When we pray, we tend to pray for things we want and even things we think we need rather than for God’s will to be done in our lives. But eventually, this ends up hurting us more than it helps.
After Jesus drove out a demon out of a young boy in Matthew 17, the disciples came to him and asked him why they were unable to drive the demon out of the boy. Jesus’ answer was this: “Because you have so little faith. Truly I tell you, if you have faith as small as a mustard seed, you can say to this mountain, ‘Move from here to there,’ and it will move. Nothing will be impossible for you” (Matthew 17:20 NIV).
These were the disciples who walked with Jesus in day-to-day life, ate with Him, and witnessed His miracles. Some of them had just seen the transfiguration. Yet here Jesus is, telling the disciples that they have so very little faith … less than a mustard seed even.
So, in our own lives, when we tend to have a lack of faith, it shouldn’t necessarily come as a surprise. But as we learn to trust Jesus more in day to day life, it becomes so much easier to trust Him in the big things. If you learn to trust that Jesus will provide for the “small” things, then you will learn to trust Him in the much larger scale issues in life. And sometimes this happens in reverse, you have to learn to trust God for a huge thing so you end up trusting Him in the small stuff in return. But it is so much easier if it happens the other way around. And that is not to say that trust is ever necessarily easy. However, Romans 8:28 says,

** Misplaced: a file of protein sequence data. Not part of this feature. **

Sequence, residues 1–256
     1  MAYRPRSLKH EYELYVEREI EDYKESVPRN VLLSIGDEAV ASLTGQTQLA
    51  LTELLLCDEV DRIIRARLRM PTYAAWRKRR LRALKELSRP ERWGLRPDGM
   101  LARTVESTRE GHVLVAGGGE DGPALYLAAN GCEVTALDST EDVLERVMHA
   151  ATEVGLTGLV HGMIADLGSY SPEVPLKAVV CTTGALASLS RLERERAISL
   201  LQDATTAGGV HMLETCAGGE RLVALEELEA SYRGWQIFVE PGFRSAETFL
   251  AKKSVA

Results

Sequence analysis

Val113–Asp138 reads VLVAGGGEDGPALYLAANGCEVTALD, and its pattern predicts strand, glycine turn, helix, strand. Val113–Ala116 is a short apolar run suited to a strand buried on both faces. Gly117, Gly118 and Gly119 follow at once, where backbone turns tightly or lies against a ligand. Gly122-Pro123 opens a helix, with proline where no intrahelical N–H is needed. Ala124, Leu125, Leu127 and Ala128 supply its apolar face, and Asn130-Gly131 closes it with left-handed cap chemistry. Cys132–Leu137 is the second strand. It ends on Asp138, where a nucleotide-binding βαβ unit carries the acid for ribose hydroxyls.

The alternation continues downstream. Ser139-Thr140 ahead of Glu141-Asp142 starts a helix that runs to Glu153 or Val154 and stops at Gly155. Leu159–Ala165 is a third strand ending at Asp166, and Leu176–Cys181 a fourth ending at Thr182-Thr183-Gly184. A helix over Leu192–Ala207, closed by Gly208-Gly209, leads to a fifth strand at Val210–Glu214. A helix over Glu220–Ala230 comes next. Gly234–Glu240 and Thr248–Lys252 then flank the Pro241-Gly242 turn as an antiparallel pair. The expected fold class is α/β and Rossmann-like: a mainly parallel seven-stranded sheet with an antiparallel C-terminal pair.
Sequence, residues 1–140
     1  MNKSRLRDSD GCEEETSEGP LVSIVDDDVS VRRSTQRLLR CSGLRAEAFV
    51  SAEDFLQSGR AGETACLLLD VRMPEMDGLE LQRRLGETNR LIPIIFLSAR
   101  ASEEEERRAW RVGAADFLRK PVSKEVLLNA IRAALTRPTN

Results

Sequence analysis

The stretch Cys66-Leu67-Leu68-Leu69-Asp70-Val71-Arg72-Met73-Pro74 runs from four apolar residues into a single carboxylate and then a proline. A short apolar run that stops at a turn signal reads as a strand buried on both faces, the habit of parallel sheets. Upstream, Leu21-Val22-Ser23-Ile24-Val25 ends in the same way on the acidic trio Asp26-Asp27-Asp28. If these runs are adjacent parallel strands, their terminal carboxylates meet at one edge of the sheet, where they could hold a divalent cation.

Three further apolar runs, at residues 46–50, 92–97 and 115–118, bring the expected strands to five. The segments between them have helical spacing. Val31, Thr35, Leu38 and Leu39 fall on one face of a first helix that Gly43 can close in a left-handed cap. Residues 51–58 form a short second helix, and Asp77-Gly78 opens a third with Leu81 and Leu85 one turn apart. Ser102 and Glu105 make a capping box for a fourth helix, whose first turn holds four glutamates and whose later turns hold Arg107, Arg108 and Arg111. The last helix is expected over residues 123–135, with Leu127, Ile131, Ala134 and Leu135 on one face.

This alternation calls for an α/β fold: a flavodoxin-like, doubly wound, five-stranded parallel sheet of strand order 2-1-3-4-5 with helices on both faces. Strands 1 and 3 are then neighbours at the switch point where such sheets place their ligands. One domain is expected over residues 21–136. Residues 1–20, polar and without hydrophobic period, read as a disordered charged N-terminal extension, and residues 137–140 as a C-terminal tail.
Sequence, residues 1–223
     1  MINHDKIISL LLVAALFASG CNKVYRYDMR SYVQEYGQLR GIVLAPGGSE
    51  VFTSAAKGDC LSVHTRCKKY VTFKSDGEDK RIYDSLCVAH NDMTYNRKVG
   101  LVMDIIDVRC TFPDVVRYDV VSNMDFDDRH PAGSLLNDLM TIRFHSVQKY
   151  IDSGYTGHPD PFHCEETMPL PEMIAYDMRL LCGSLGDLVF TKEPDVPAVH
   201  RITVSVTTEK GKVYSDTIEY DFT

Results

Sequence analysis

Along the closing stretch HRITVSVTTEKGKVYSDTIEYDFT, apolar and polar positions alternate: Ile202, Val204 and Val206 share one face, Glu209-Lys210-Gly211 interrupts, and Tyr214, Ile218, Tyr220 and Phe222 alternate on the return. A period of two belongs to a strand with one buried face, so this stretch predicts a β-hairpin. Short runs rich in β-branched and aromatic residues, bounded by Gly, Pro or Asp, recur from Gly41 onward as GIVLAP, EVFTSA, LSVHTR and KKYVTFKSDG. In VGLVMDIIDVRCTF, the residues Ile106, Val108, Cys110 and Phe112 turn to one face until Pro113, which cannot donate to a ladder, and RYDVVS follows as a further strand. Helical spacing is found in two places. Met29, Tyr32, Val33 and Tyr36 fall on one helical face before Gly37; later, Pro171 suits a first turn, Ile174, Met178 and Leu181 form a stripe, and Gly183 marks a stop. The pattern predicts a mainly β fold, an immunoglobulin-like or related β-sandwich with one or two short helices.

“We know that in all things God works for the good of those who love him, who have been called according to his purpose”
(Romans 8:28 NIV).
So, no matter what you are facing, God can and will work it out to be a good thing. Let me preface this by saying that if you are deliberately sinning, there will be consequences for that, whether now or in the future. Every action we take, whether positive or negative, results in either a positive or negative outcome. That being said, God does work so intricately in our lives.
I was recently asked, “How can something bad be used for good?”
My response was something along the lines of, “Well, I’ve seen it happen. That doesn’t mean that God intended for that bad thing to happen. I was diagnosed with epilepsy at 14 and because of that, wrote a book to be able to share Jesus’ love and grace with others.”
I prayed for my entire high school career that I’d never have another seizure. That didn’t stop me from having them. But my epilepsy opened up doors that I could’ve never imagined – doors that would’ve never been opened without having a disability.
I encourage you to check out the context of Romans 8:28 (Romans 8:18-27), as that verse is planted directly after an entire passage about suffering. That is to say, “You’re going to struggle and you’re going to want to give up. But don’t. Because right now you can’t see what God is doing in your life. Trust that He knows what He is doing. The Holy Spirit is advocating for you and He knows what you actually need. ”
Author Bio: Amanda loves Jesus with all of her heart. She is a junior at Gannon University majoring in Theology with a minor in journalism. She enjoys spending her spare time enjoying creation, especially with her German Shepherd mix and painting anything from her Bible to furniture. She also enjoys walking on the beach, swimming, most sports, and helping at church. You can read more about Amanda at Grace Unbroken.